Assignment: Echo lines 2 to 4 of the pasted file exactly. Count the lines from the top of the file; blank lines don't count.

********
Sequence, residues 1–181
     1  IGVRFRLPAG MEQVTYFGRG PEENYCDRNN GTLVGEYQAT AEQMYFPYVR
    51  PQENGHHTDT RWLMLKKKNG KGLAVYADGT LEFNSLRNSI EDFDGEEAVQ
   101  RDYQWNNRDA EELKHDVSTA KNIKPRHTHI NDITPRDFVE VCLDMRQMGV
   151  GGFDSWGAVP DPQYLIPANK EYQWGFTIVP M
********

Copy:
     1  IGVRFRLPAG MEQVTYFGRG PEENYCDRNN GTLVGEYQAT AEQMYFPYVR
    51  PQENGHHTDT RWLMLKKKNG KGLAVYADGT LEFNSLRNSI EDFDGEEAVQ
   101  RDYQWNNRDA EELKHDVSTA KNIKPRHTHI NDITPRDFVE VCLDMRQMGV